Why have you assassinated peace?

By Mufid Abdulla:The three victims

The Turkish state has long been reluctant to talk and make peace with the Kurdish nationalist movement in the north of Kurdistan. This approach has endured since Ottoman times and the chauvinist ideas of Kamal Attaturk, the founder of the modern state, live on everywhere in Turkey today. In the 1990s, when the PUK leader Jalal Talabani tried to mediate between the Turkish state and the PKK leadership, negotiations progressed to a stage where the Turkish president felt positive about the prospects for a resolution to the conflict. Not long afterwards, President Turgut Ozal died. It was recently revealed that he was poisoned by the Turkish secret state.

Wednesday’s terrible events in Paris – the murders of three Kurdish women politicians – have shocked the world. How can three peace-loving individuals be assassinated in such a horrible way, bringing all of us Kurds together to ask: why is this happening again?

The KCK has condemned the killings and accused elements of the Turkish state of carrying them out with the help of international intelligence agencies. The Turkish state has also condemned the murders. But observers will not easily accept that the Turkish state will be proved innocent of this crime.

The timing coincides with the opening of new talks between the PKK leader and the Turkish state. It is possible that the MIT (the Turkish intelligence agency) has exploited that situation and taken advantage of the current negotiations to strike brutally at the PKK in Europe.

It would not be the first time the Turkish state has acted illegally abroad. In 1999, they abducted the PKK leader, Abdulla Ocalan, from Kenya – with the help of the Israeli and US agencies, Mossad and the CIA – and took him back to Ankara and they have incarcerated him ever since.

Turkey has recently positioned itself as a dominant power in the Middle East. The warm ties with the Kurdistan Regional Government (KRG), intervention in Syria, to back the opposition, and abandonment of Israel, for the sake of developing ties with other Middle Eastern states and encouraging their tourists to come to Turkey, are all proof of this.

The PKK will now ask itself: why we should lay down our arms when our unarmed activists have been murdered? Divisions will harden between the Kurdish nationalist movement and the Turkish state in the wake of this tragedy.

The PKK and their political leaders in Paris should proceed in a constructive way to address this tragedy, holding the French government responsible for finding the killers of the three victims, who were three staunch supporters of peace. Surely the Paris police, with all their forensic science and technology, can find out who are the killers? Surely a powerful nation like France can find out who are the people that carried out this atrocity?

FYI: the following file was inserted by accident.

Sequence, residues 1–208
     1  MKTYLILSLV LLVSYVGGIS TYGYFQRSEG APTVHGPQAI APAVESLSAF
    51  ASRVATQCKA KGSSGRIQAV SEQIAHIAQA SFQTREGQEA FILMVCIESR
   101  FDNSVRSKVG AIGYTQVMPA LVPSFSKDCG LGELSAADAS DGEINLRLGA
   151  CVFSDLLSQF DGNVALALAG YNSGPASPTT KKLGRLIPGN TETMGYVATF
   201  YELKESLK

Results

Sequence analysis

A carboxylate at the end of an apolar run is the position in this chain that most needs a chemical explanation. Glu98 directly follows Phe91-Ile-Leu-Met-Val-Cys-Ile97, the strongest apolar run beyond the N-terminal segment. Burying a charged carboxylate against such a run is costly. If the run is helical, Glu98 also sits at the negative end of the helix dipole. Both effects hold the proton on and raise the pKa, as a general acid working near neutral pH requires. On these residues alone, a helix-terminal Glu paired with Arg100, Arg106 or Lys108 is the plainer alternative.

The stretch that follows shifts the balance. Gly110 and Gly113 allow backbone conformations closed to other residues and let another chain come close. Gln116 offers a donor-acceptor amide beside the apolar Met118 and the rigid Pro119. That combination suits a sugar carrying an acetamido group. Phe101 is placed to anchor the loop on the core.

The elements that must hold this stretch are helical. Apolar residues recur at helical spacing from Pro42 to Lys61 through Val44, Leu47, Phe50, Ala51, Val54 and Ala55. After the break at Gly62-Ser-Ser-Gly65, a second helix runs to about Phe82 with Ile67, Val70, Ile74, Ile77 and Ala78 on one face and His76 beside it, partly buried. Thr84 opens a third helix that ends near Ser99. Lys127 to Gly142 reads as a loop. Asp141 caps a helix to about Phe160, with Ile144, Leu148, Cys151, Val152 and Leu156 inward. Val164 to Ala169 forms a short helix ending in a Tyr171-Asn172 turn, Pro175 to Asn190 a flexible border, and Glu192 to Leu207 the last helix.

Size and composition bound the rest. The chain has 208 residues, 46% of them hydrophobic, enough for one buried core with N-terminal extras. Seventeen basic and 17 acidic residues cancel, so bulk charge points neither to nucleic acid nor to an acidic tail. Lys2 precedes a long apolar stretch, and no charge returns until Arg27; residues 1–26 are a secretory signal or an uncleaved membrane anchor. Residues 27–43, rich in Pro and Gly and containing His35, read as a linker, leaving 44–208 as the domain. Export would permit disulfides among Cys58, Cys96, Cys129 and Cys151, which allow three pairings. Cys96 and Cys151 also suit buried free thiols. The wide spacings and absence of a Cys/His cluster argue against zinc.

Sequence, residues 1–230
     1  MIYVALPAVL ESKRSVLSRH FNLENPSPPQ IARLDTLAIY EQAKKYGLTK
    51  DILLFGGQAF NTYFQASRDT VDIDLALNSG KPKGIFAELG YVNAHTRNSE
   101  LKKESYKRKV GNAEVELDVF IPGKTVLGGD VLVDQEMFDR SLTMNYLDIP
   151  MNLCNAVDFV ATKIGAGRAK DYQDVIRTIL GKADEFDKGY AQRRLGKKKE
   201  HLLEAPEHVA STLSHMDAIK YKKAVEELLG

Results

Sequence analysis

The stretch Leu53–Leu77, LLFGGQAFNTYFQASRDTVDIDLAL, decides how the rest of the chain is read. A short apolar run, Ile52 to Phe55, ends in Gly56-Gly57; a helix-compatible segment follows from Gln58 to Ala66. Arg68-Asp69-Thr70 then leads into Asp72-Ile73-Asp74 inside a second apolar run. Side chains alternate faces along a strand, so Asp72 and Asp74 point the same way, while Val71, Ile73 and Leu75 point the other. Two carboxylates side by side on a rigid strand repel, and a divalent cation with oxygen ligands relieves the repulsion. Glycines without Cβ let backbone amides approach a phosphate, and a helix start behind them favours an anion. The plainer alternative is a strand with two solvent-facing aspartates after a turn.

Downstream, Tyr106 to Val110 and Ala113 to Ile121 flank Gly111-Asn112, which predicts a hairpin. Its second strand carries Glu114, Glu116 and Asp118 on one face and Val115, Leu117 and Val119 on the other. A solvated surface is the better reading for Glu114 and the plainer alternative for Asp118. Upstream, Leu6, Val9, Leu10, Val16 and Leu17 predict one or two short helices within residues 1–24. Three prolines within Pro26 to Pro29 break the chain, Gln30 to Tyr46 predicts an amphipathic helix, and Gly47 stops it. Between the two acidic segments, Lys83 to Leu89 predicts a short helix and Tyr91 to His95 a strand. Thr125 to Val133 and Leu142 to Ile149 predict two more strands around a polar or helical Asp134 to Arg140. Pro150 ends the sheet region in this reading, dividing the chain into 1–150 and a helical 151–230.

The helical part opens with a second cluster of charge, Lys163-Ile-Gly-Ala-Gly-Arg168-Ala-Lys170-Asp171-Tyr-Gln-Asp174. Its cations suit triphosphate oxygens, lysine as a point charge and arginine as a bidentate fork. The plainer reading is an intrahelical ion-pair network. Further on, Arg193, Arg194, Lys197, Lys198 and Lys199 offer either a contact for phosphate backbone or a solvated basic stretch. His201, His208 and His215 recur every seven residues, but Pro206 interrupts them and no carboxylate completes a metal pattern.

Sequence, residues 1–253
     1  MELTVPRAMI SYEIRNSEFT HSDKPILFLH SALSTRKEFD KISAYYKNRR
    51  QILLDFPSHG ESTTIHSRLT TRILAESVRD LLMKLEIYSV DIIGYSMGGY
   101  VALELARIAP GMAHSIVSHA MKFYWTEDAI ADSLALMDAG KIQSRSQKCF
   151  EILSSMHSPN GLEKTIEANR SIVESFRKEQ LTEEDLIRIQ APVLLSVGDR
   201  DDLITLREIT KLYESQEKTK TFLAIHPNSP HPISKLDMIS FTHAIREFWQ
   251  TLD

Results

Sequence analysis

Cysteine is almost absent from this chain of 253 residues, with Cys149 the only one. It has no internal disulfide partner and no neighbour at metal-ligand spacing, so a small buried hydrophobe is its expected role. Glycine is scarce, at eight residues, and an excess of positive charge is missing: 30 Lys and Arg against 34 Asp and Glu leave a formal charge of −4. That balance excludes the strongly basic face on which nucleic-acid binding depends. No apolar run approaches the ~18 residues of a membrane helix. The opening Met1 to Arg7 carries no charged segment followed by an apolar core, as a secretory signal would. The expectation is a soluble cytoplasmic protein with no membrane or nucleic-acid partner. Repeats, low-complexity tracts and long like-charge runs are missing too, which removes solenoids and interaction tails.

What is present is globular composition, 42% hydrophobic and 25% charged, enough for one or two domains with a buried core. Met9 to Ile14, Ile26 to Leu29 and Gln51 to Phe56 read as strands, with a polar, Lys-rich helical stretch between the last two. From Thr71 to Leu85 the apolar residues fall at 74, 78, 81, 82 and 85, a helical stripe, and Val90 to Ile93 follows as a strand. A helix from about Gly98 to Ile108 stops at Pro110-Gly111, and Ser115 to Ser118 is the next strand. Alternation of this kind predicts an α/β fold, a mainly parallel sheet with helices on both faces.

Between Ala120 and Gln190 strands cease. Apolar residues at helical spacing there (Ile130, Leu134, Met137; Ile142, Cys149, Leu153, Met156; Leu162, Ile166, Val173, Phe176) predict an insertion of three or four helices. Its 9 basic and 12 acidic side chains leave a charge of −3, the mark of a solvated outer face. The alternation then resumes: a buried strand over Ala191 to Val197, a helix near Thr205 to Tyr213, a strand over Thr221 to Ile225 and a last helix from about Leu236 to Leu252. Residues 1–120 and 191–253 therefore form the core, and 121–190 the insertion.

The people who fear being marginalised by the latest talks are most likely the people who carried out this assassination: these are the Turkish generals and the ultra-nationalist movement. The BDP in Turkey should supervise all the talks, since Ahmed Turk has recently attended the negotiations, and tell the people of the north of Kurdistan whether the Turkish state is being serious and genuine about peace and solving its decades-long conflict with the Kurds.

We need our security and our identity. It is time now, more than ever, to face the reality of the vulnerability of the stateless Kurds. Who is going to defend us and protect us, other than ourselves? We need our state, our nation state, to protect us from everyday massacre and incursion.

In 1989, Abdul Rahman Ghassemlou was assassinated in Vienna by agents of the Iranian state. Today his murderers still walk free on the streets of Tehran.  The Austrian authorities know very well who killed him on their soil. But no one from the Iranian embassy in Vienna was arrested. Ghassemlou’s family know the facts. We must ensure there is no repetition in Paris of this scenario of rank injustice.

Copyright © 2012 Kurdistantribune.com

3 Responses to Why have you assassinated peace?
  1. Raph Jamal
    January 11, 2013 | 14:14

    It’s terrible that even in this modern day and age man still resorts to violence.Silencing words of freedom and crippling honest.These women did not deserve this! And now we are taken aback to further dwell in the travesty of democracy.The French must do soomething about this!

  2. kuvan
    January 11, 2013 | 17:14

    I strongly believe in this saying”what goes around comes around” so those who killed these innocent women will one day pay the price for it one way or the other .

  3. kurd
    January 11, 2013 | 20:57

    I have always thought that Turkish‘s state is not a democratic and Turkish people has not an culture…, therefore, it seems to be this horrible assassination is effected recently peace negotiations between Turkish state and PKK’s leader and may be termination it, However, I have been believed these dialogues are better for Turkish state than Kurdish people, because, if PKK lay down arms(if it happens I prefer PKK split), in that case Kurdish men are further obligation to Turkish state and by all means are being controlled… I do believe Kurdish people are need to independent state in turkey rather than their soldiers lay down arms and continue live with wild Turkish people…

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